Steven Soderbergh’s gone Haywire.
As another entry to the scarce list of Hollywood wonder-woman movies, Haywire builds its arsenal through generously sponging from its immediate superiors. Soderbergh politely knocks on the door of Fincher’s Girl With The Dragon Tattoo as he fancies the protagonist make-up. Next stop – he races down the fast lane and pulls up alongside the Bourne franchise, hijacking the series’ celebrated close-combat M-O. Destination…nowhere.
You might think, ‘hey this don’t sound too bad’ but unfortunately it’s a case of death by style. The almost ever-present score weakens any meaning we might get from the “plot-pusher” scenes. Also, why delve into moments of black & white? It’s simply superfluous and The Artist already drank that juice.
This action thriller revolves around a highly trained marine, Mallory Kane (Gina Carano). As Mal’s black-ops missions rapidly transpire into chaos, she soon realises that the only person she can trust is her dad. As she relays her backstory, which comes in the form of sequential flashbacks, the story becomes further lost to style.
I’m all for complex narratives, but not when they come in a flood of montages which stain any opportunity to grasp the plot’s intent. The twisted narrative structure mirrors that of plot, as a myriad of conspiracies present themselves in a coarse shade of grey. It’s difficult to fit any of the pieces together until the narrative flattens out in the present day.
Victorious in almost all her bouts via submission, our female protagonist carries herself into many action sequences in a way that could see even the Expendables expended. The action creeps up on you out of nowhere, but shamefully feels staged. With Miss Carano being plucked from the MMA octagon itself should offer some indicator as to the nature of the fight choreography.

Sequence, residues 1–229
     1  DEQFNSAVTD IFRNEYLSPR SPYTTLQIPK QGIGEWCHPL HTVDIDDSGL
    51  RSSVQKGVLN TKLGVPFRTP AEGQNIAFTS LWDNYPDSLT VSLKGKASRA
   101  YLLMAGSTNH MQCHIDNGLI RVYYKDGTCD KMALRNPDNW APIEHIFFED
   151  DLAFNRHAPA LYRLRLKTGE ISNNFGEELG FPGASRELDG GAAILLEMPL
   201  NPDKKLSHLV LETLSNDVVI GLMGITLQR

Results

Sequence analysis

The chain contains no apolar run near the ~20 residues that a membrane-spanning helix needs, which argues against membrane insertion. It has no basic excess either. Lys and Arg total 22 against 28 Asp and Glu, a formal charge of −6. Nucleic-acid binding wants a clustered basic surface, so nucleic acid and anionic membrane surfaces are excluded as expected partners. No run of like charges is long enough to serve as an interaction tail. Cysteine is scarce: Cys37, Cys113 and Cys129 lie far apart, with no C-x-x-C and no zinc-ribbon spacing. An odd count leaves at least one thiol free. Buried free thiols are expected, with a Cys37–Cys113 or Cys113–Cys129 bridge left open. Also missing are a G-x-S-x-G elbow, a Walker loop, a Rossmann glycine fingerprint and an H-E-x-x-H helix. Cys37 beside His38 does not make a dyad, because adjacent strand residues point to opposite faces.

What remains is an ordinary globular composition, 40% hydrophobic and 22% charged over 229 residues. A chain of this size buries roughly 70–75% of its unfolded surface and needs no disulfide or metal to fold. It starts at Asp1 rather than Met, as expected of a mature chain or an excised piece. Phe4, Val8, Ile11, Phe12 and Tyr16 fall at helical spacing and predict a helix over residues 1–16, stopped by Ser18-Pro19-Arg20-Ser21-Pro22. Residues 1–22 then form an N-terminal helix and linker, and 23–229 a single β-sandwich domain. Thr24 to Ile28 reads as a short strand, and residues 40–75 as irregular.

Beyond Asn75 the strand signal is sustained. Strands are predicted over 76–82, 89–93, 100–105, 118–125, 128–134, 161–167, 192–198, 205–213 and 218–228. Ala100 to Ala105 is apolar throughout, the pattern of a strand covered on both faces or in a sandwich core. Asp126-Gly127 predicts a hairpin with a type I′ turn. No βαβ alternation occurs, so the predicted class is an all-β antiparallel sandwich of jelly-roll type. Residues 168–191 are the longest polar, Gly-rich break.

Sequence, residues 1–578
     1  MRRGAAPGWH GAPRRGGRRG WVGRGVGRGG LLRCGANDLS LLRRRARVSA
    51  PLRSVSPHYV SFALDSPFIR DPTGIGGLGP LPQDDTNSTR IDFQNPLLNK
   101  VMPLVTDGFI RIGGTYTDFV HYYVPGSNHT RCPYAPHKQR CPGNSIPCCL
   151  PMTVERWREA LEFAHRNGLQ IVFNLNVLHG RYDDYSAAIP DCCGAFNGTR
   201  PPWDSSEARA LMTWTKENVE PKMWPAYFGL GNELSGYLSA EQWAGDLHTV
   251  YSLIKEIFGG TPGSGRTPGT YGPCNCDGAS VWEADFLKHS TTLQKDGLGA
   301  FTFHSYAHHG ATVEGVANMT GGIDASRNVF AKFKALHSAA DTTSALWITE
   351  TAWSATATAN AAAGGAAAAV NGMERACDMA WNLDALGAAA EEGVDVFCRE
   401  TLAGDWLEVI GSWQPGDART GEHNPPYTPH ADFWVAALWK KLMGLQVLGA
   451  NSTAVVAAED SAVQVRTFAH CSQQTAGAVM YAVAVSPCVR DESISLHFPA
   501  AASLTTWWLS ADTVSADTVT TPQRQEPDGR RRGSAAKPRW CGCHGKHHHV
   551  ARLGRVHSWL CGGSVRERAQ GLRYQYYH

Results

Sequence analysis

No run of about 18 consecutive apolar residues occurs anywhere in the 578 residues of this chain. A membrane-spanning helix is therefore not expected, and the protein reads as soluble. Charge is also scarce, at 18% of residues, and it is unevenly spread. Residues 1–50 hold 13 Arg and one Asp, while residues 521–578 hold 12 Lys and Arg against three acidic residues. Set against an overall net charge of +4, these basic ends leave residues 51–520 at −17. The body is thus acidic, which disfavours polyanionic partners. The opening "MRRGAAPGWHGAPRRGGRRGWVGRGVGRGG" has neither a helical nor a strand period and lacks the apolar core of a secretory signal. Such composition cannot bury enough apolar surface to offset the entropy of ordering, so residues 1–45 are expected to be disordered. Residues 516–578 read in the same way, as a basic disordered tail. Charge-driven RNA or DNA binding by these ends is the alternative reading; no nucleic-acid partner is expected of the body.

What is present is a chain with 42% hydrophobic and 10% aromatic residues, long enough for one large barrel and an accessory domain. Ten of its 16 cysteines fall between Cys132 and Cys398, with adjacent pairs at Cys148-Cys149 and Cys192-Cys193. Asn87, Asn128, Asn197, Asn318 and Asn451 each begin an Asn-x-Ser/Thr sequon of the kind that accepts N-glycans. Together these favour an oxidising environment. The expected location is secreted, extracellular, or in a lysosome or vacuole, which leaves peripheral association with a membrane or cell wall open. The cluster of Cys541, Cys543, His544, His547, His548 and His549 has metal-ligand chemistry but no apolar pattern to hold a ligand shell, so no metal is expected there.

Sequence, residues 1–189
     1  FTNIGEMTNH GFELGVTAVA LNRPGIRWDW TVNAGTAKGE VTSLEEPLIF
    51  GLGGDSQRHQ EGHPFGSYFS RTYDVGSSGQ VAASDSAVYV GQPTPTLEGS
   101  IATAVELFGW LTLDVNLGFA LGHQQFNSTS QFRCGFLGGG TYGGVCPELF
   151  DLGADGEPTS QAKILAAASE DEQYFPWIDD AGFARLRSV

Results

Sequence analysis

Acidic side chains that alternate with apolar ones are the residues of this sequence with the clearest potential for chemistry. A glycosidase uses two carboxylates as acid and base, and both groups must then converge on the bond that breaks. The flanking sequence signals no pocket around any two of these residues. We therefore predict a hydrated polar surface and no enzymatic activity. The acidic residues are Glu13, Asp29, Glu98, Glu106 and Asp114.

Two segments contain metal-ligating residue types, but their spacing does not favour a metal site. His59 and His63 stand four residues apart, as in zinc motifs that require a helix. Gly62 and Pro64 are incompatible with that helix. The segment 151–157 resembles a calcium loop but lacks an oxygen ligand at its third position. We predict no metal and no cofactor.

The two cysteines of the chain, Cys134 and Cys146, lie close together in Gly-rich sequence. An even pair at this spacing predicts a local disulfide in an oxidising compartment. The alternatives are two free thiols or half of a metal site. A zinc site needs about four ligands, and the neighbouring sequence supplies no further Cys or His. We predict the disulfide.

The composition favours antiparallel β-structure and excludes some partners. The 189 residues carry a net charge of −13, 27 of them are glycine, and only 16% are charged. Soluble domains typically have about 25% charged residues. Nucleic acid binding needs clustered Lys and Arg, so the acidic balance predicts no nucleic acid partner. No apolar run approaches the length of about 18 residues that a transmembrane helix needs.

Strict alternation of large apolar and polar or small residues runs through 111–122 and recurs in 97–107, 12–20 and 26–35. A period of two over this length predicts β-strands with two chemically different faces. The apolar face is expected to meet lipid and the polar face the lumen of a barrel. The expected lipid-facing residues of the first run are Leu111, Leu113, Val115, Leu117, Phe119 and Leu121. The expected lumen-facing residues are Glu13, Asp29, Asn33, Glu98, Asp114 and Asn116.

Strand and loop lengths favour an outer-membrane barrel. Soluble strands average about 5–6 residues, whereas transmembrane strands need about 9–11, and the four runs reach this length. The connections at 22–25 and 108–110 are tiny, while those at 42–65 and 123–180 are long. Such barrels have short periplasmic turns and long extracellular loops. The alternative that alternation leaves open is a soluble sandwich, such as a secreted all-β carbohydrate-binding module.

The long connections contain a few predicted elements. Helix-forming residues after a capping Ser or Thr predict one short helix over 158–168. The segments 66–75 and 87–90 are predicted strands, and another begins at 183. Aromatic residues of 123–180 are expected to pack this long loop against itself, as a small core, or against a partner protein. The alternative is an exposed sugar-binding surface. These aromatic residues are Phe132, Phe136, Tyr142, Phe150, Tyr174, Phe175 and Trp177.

As no stranger to directing an all-star cast, Soderbergh groups some of Hollywood’s A-listers but underutilizes their talent. First word must go to excluding Channing Tatum from the afore mentioned ‘talent’ and to label the Hollywood heart-throb as being out of his depth:
Your pretty boy persona has earned no place in this league of assassins.
P.S See you in the more becoming ‘Magic Mike’
The boastful talent regrettably resides in the behind-the-scenes ‘baddies’, who essentially run the show, but gain disappointingly little screen-time. Antonio Banderas’s rough Spanish charm, Michael Fassbender’s simply harmonious screen presence and diversity, Michael Douglas’s in-your-face wisdom and Ewan McGregor’s classy Scottish grit have frustratingly not been unearthed to any real extent. Instead, the Ocean’s director relies on newcomer Gina Carano to attract and maintain our attention… and she might have just done it.
The bonus features acquaint us with Gina’s transition from fighter to actress and offers brief but extraordinary insight into Soderbergh’s inspiration to want to create Haywire. The disc proposes extensive intuition into the many fight scenes and allows the actors an opportunity to speak in relation to the physicality of their roles. As well as this, the features include the now rather mundane routine, “what attracted the cast to the script?” and “what was it like working with the director?” Finally, the bonus feature entitled ‘characters of Haywire’, instead of actually being what the name suggests, rather feels like a sequence of repetitive promotional material, which truthfully adds nothing to our character comprehension.
Released on Blu-Ray and DVD May 21st